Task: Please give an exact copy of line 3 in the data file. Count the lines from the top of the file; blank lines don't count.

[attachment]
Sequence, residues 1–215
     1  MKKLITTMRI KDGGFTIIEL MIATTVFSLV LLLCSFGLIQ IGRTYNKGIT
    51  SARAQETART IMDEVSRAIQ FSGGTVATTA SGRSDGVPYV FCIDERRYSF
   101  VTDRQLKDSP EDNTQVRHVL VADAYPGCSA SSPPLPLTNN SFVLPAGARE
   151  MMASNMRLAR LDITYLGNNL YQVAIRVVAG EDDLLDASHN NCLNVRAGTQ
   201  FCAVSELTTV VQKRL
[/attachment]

    51  SARAQETART IMDEVSRAIQ FSGGTVATTA SGRSDGVPYV FCIDERRYSF